URC Assembly and General Synod - thanksgiving and hope
Today in Southport, the United Reformed Church voted at their General Assembly to permit churches who wish to do so to conduct marriages for same-sex couples, making the URC the largest denomination in the UK to do so to date. The motion gained a comfortable majority of 240 votes to 21, and no church will be compelled to conduct marriages if they don't wish to do so. You can read the full press release from the URC here.
This is a huge step for the URC, and one which would not have been possible without years of conversations, debates, dialogue, reports and resolutions, theological reflection and prophetic witness. It is especially poignant to recall those who have worked and prayed for this moment over long years, and whose celebration tonight will not be with us, but with the saints in eternity. They are not forgotten, and we give thanks for the way they walked before us, to bring us where we are today.
Tomorrow, members of the General Synod of the Church of England will meet in closed sessions for the final round of the Shared Conversations, in which the CofE has been engaged for almost two years. It has been a grey and humid day in York, but this evening a rainbow appeared above the city and no doubt those of all shades of conviction will see this as a sign of God's presence and promise for the days ahead.
It is probably right to observe that the Shared Conversations on sexuality have been another exercise in which those with power have chosen who they'd like to listen to - and their outcome will no doubt reflect in some measure that regrettable and entirely avoidable approach. Nevertheless, many who been invited and chosen to take part have found them to be a genuine and humbling experience of encounter - with one another, with those who stand in a very different place to them, and with the God who constantly challenges and surprises. Participants have spoken of discovering shared ground, as well as the boundaries around that space - of hardened hearts and immovable and intractible 'theologies'. Gay, lesbian and bisexual people's lives have been open to scrutiny and judgement and that has been a costly process, however well facilitated - and it's important to record that participants have reported that the meetings have been unfailingly well facilitated. Those of our community who have taken part in the Conversations have conducted themselves with grace and dignity and a determination to remain around the table. Every one of them deserves our gratitude, just as they have been in our thoughts and prayers as the process has unfolded.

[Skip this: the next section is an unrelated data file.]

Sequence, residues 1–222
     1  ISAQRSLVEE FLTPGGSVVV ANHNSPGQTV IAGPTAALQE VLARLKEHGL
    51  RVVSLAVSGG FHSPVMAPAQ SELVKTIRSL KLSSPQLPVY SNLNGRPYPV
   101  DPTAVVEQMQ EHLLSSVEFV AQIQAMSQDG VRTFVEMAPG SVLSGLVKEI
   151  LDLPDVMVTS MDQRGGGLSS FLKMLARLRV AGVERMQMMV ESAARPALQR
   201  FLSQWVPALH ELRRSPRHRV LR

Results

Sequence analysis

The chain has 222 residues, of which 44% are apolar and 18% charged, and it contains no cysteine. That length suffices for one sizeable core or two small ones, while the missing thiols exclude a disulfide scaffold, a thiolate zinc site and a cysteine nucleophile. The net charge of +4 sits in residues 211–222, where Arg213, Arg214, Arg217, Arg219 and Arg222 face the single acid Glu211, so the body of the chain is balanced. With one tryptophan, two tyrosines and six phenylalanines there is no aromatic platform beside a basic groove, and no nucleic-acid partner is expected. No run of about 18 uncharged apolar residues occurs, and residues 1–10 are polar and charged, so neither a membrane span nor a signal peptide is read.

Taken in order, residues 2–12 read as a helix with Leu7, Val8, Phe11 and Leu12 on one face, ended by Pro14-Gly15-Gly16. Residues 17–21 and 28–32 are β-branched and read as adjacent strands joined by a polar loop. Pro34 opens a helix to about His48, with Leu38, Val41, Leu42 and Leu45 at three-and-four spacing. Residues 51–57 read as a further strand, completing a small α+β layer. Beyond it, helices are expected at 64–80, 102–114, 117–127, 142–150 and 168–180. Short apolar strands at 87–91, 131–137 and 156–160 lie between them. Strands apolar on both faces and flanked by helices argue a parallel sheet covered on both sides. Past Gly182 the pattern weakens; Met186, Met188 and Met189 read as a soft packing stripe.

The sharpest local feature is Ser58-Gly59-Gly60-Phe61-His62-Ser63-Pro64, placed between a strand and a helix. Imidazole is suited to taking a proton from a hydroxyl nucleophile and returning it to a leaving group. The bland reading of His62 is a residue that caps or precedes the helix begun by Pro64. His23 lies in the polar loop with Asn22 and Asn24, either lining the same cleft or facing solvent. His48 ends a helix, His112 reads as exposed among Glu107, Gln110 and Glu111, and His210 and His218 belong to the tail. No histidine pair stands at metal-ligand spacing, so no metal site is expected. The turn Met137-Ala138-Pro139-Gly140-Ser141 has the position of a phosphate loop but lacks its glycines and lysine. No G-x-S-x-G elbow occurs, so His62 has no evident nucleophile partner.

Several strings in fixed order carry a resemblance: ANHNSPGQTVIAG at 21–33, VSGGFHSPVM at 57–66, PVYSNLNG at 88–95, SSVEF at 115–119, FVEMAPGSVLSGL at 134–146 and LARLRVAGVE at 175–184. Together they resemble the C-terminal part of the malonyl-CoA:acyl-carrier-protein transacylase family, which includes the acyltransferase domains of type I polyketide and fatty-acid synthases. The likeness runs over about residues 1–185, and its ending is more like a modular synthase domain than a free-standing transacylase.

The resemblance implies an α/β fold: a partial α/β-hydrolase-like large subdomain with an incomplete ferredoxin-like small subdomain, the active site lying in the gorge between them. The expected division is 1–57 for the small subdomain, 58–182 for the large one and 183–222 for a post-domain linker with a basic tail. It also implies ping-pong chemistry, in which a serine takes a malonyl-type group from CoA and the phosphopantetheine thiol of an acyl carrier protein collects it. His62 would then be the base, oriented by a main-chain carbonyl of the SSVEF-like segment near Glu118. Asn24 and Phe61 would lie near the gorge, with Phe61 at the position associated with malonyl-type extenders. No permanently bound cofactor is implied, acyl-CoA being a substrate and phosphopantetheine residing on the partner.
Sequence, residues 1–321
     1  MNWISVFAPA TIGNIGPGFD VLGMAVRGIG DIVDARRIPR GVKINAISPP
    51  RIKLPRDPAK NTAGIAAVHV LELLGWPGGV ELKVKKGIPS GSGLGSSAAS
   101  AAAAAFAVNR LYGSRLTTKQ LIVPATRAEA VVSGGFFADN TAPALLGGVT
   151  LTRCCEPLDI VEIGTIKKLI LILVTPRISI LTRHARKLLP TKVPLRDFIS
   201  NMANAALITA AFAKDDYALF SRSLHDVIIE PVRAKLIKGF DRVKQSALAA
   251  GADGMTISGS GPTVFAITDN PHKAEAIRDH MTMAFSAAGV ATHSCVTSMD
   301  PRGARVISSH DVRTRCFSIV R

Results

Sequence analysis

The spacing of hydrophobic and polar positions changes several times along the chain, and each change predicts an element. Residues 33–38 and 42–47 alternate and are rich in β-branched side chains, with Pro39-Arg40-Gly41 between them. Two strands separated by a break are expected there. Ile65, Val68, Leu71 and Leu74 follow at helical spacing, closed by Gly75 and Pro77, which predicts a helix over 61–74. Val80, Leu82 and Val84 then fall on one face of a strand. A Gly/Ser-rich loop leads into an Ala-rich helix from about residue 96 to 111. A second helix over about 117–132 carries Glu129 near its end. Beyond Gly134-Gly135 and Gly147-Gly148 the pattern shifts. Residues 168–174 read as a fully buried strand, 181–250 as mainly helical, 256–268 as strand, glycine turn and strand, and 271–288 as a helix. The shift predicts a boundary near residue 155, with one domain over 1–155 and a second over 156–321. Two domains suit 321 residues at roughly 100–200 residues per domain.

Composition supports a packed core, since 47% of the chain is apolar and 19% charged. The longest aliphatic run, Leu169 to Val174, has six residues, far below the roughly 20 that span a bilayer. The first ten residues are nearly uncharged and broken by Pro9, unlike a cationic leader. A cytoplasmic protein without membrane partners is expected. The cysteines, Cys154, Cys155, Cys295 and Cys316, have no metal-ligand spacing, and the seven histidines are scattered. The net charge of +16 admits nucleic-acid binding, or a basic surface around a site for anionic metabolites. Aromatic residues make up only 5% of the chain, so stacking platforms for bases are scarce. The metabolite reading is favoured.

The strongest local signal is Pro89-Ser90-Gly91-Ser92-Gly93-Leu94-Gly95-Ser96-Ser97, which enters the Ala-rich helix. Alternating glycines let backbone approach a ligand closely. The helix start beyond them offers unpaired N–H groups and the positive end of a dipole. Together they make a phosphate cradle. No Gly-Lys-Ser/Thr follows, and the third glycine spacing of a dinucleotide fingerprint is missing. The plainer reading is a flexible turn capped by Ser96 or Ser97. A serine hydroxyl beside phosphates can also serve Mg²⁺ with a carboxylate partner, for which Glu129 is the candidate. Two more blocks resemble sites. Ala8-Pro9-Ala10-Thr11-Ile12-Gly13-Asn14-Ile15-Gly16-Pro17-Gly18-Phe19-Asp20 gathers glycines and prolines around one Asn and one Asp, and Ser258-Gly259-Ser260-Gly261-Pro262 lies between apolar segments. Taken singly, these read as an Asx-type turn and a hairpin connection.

And tomorrow that process reaches General Synod. Few details have been provided about the programme; are there to be firm conclusions? Discussions, certainly but debate and decisions? That seems unlikely, from what little we know, but we can't be sure. What does seem to be the case is that the process is open enough to allow God some room for manoeuvre - for the Spirit to move. And there can be no doubt at all that the Spirit is moving.
So as darkness falls, a prayer for the General Synod tomorrow. I hope we can be forgiven for 'recycling' one of Jim Cotter's, from Pilgrim Prayer. Here's why.
Over the past fortnight I have met with two very different people - a retired bishop and a committed and gracious pastor - who have spent their lives working to make the church a place Jesus would recognise. We talked about their ministries, and I shared my hopes for what lies ahead - no longer really able to call myself 'new in post', but neverthless, full of hope.
And it's a pretty simple hope. I want to see the church move forward, embrace the radical justice and life-changing love at the heart of the Gospel, and simply treat LGBT people equally. Just that. To celebrate our lives, our relationships, our loves, our stories, our gifts, our ministries. I want good people - gay and straight - to stop giving up on church because of this. I want people who hold very different views to me to remain part of the church, even though I roll my eyes and grit my teeth and know that it will be a bumpy ride and will demand much of me, not blessed with tolerance. I mainly want them to stay because we've lost too many already, and there is so much work to do.
I want the church to be able to stop talking about sex because - if you haven't noticed - there are a thousand and one things out there in that hurting world of ours, crying out for attention. Our beautiful blue and green planet which we are slowly poisoning. Where people put their small children in boats to sail into an unknown future because home means certain death. Where rape remains a weapon of war. Where people in our own country are dependent on food banks. Where we fail to recognise Christ in the stranger - in ways which are frightening and both unfamiliar and all too familiar from my childhood. And where 44% of LGBT young people between the ages of 16 and 24 have considered suicide. There is so much to do, so much we're failing to do. The Spirit is moving and the time is now.
We have spent too many years talking about sex. It's time to listen to the Spirit moving, unsettling and challening all of us to something new. Because when we've finished talking about sex, I wonder what new thing God is calling us to do?
This is my prayer for General Synod and for the whole Church of England tonight, and tomorrow and for the next steps. Not just for the gracious, inclusive outome you'd expect me to be praying for - but for the much bigger thing which God is urgently calling us to do, if we had ears to hear.
Restore the years, O God, that we have lost,
that the locusts have eaten.
Give to us the future that we thought we should never see.
Make of the present moment a firstfruit of true liberation.
Even when we feel exiled, locked in, despairing,
move secretly within us and among us,
and without us realizing it
keep us moving on our journey to your city. Amen.